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  28. “To harvest the greatest potential benefits that CC has to offer, then both the parent and student must invest effort, commitment, diligence, and time.”

    This is the flawed American system. I work in the knowledge industry and study after study shows that the most important part of success is time for introspection, reflection and process improvement. That’s why CC and most American educational institutions are unfixable. They focus on “effort, commitment, diligence, and time”. When my kid was in university-model homeschool and she was spending eight hours a day trying to get her assignments done, the mantra was “work harder”. When my kid was coming home from public school with two hours of homework and still falling behind, their answer was… “can’t she just do a little more work?”

    How many times does a brilliant idea come when your nose is to the grindstone? How many times does it come in your sleep or in the shower, or in other “downtime”. Yet, all these educational professionals across all swaths are still convinced that brilliance is cultivated through endless mounds of work. All these business managers think that they can be more productive when they make workers stay late and cancel process reviews.

    Toyota completely owns auto manufacturing, not because they are the best at extracting every last ounce of labor from their workers, but because they are absolutely dedicated to giving their workers the necessary downtime and voice to improve their processes.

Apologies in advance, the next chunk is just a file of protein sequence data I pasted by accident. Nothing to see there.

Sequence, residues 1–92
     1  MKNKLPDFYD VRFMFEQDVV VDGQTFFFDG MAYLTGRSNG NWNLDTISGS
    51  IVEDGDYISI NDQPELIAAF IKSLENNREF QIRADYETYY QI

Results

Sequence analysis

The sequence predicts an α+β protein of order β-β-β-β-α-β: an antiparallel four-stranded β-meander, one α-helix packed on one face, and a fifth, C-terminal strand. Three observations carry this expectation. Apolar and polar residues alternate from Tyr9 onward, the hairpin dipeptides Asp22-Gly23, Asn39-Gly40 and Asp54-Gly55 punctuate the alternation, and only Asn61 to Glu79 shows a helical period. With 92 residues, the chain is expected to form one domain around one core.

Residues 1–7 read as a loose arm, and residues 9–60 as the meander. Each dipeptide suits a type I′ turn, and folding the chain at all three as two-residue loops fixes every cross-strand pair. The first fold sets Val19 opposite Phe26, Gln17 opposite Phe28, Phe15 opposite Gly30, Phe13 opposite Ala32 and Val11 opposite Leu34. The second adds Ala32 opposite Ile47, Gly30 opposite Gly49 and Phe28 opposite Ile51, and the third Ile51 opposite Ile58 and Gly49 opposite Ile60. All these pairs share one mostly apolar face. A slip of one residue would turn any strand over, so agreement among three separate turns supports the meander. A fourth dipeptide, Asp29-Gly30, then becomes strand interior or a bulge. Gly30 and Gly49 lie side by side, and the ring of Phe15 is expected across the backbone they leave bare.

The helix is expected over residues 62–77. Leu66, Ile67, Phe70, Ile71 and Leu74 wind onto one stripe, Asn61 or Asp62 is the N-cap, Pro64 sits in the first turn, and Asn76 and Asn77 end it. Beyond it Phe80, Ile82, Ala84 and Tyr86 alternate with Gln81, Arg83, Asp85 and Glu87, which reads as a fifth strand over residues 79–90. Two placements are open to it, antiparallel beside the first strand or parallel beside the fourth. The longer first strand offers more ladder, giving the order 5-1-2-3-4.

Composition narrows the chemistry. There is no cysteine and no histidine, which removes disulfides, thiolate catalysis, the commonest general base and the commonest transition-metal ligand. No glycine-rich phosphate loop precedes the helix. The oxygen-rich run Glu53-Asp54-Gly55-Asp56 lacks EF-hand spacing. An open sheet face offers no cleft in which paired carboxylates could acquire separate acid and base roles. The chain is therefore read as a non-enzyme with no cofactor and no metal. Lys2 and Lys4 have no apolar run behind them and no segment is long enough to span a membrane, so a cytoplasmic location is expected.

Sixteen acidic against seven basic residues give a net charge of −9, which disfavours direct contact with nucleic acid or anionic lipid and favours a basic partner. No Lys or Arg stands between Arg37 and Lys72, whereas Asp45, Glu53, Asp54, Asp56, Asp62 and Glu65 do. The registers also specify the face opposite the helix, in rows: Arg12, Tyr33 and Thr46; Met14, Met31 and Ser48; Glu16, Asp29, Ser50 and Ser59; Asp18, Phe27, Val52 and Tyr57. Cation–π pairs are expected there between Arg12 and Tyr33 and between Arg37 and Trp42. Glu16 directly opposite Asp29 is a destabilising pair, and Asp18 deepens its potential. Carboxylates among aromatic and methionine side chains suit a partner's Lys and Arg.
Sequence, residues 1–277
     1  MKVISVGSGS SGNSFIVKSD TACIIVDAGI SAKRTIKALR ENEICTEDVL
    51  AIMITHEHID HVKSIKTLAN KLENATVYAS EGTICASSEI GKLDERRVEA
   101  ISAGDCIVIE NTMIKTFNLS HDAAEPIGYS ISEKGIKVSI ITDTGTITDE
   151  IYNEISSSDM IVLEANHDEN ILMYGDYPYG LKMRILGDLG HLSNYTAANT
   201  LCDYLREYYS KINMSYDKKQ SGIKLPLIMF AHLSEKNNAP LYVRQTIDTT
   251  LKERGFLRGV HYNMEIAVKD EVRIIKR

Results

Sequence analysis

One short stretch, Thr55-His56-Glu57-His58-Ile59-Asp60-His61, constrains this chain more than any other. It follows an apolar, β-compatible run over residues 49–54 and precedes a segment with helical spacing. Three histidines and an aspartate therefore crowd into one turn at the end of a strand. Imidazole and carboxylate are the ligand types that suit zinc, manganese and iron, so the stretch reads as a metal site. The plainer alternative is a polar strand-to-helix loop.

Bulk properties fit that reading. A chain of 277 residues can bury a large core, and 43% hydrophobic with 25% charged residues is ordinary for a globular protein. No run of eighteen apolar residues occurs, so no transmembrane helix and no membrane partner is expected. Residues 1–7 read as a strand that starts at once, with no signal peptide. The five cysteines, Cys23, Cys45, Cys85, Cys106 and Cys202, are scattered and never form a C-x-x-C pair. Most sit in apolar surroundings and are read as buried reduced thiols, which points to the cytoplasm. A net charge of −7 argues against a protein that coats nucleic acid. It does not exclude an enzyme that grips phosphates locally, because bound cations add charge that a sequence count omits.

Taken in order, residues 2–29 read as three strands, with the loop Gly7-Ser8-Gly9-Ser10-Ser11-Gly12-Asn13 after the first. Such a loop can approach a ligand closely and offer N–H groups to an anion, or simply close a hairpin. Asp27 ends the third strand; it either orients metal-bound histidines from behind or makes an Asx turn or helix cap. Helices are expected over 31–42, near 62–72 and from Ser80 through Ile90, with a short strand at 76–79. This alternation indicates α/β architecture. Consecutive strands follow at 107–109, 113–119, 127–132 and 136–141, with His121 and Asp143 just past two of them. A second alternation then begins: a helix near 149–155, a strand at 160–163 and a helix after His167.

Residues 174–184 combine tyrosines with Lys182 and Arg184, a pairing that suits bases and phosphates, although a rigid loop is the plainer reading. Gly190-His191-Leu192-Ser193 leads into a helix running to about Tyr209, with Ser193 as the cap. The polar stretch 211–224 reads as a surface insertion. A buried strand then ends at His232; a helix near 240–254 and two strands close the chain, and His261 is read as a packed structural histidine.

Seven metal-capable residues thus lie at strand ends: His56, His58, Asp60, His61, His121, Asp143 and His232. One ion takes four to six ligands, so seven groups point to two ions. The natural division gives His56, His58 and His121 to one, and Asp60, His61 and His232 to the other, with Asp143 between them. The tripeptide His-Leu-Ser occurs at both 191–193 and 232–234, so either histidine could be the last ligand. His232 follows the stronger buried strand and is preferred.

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  29. We joined a CC group three years ago, after spending seven years bouncing between various homeschool groups and co ops with mixed attendance and erratic schedules. We didn’t need more school, we didn’t need outside responsibility or organization. I wouldn’t blame CC folks for feeling offended at your offhand remarks, no matter how much you didn’t intend to degrade them. I figure you didn’t intend that, so no stress.

    Being a military family, we move every 3 years, and during that time we had a cross-country move. I was very grateful to move from one group of like-minded women to another, friends already with some before arriving. We do not have the luxury of building a homeschool co op from long-term friends, and co ops are unfortunately much rarer than your typical field trip groups.